The new Nancy Friend Pritzker Psychiatry Building at UCSF is named in honor of John Pritzker's sister, who died by suicide at the age of 24 in 1972. (Photo/Courtesy Pritzker family)
The new Nancy Friend Pritzker Psychiatry Building at UCSF is named in honor of John Pritzker's sister, who died by suicide at the age of 24 in 1972. (Photo/Courtesy Pritzker family)

$60 million gift from Pritzkers builds UCSF family psychiatry center

When UCSF opens its 150,000-square-foot psychiatry building in the fall, the Bay Area philanthropists who initiated the project will realize a vision nearly two decades in the making.

Supported with a $60 million gift from John Pritzker and Lisa Stone Pritzker, the Nancy Friend Pritzker Psychiatry Building will offer physical and mental health care to patients in a bright, airy, state-of-the-art building. Located by UCSF’s Mission Bay campus, the facility will also be a center for neuroscience, education and training.

John Pritzker
John Pritzker

The building is named for John Pritzker’s sister, who died by suicide at age 24 during a depressive episode in 1972. The naming not only honors his sister — whom Pritzker describes as “glorious, brilliant and beautiful” — but brings mental illness out of the shadows as a treatable sickness. Too often, it is stigmatized and hidden, with disastrous results.

Pritzker’s parents didn’t tell him or his siblings about his older sister’s depression, he said. “Back then, you didn’t talk about mental illness.” Even today, he said, while people will freely discuss heart, lung or kidney problems, few will admit they suffer from depression.

Lisa Stone Pritzker, too, saw the effects of mental health issues within her family growing up. “When I was a very small child, an immediate family member suffered from depression. It impacted all of us,” she said. It also led to her decision to study dance therapy in college and later volunteer with a family crisis hotline and at San Francisco General Hospital’s psychiatric floor in 2003–2004.

It was the latter experience that prompted the two to see if they could find a better place for people — especially the young — seeking treatment.

At S.F. General, “I saw things from the inside,” said Lisa. Very young children “were waiting for their psychiatric care in a basement that was cramped and old and poorly lit, and often sitting next to adults who were terribly stressed.”

John still remembers Lisa’s descriptions of a place that seemed unwelcoming. Where, among other things, children would have to pass by prisoners getting psychiatric evaluations.

The Pritzkers approached UCSF about a donation, and after years of on-and-off discussions and planning, their dream of a center for children, teens and families came true — and more.

Rendering of the UCSF Nancy Friend Pritzker Psychiatry Building (Image/Courtesy ZGF Architects)
Rendering of the UCSF Nancy Friend Pritzker Psychiatry Building (Image/Courtesy ZGF Architects)

“It is precisely the vision I had some 18 years ago, a welcoming environment where children and teens feel safe and comfortable and everyone will be treated with respect,” said Lisa. The center has its own separate entrance to the building, and “feels much more comfortable and not scary for children,” she said. “It’s scaled appropriately for kids.”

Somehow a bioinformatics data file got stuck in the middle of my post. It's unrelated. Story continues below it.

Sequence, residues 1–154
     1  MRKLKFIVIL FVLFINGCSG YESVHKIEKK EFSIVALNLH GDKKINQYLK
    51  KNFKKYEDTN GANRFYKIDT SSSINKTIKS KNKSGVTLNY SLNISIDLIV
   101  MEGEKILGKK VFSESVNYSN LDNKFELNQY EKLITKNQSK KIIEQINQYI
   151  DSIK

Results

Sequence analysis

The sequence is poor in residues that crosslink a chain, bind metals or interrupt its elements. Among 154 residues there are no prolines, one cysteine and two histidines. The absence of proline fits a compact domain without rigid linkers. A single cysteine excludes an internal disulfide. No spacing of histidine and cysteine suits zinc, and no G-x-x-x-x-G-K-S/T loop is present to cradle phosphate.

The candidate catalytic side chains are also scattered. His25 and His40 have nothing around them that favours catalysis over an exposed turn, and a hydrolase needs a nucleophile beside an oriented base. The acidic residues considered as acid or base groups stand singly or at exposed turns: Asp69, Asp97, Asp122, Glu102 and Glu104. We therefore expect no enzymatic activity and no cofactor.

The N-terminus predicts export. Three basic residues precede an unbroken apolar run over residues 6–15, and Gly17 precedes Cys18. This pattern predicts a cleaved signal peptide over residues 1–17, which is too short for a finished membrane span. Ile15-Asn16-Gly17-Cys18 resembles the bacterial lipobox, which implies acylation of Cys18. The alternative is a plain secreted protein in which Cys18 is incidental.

With a rooftop garden, “there’s even a place for play therapy,” she said.

The new, five-story structure also features an atrium, auditorium, gymnasium, photographic art (former Contemporary Jewish Museum CEO Connie Wolf is helping curate images), a community-based youth art program and much more. The structure sits on a parcel in Dogpatch that John bought some 20 years ago. The site is accessible by Muni and the UCSF shuttle, he noted. “People around the city can access that location for services. ”

Both Lisa and John were deeply engaged in the planning process, including providing input — along with some 100 UCSF faculty and staff — to ZGF Architects. “Growing up in hospitality and designing hotels,” said John, a Hyatt Hotel heir and founder of hospitality investor Geolo Capital, “you think about practical issues.”

Lisa Stone Pritzker
Lisa Stone Pritzker

Lisa, a member of the UCSF board of overseers, said she “wanted to ensure that the physical space for the young children, teens and family would reflect the excellent care that they would be receiving.”

The couple, who divorced two years ago, expect to remain involved with the project. Both grew up in families where tikkun olam — repairing the world — was exemplified.

“I grew up in a very close family, where giving back was always very important,” said Lisa. “At the same time, my grandparents and great-uncle were very philanthropic. I learned a lot from them growing up.”

For John, “the values that my parents inculcated in us, and my involvement in Federation and with [S.F. philanthropist] Barney Osher” are “part and parcel” of his identity.

Dr. Matthew State, UCSF professor and chair of the Department of Psychiatry and Behavioral Sciences, praised the Pritzkers’ “extraordinary generosity” and “tenacity in supporting mental health” over the long term. Both State and UCSF chancellor Sam Hawgood were instrumental in developing the Pritzkers’ vision.

Bringing together clinical and physical health care and education, along with cutting-edge studies, “from psychedelics research to sleep medicine, psychiatry and brain science,” said State, is “really unusual.”

“All of that is going to make it a remarkable place for our department and neuroscience at UCSF … This will expand our capacity, clinically and broadly, to serve the community.”

Liz Harris

Liz Harris is a J. contributor. She was J.'s culture editor from 2012-2018.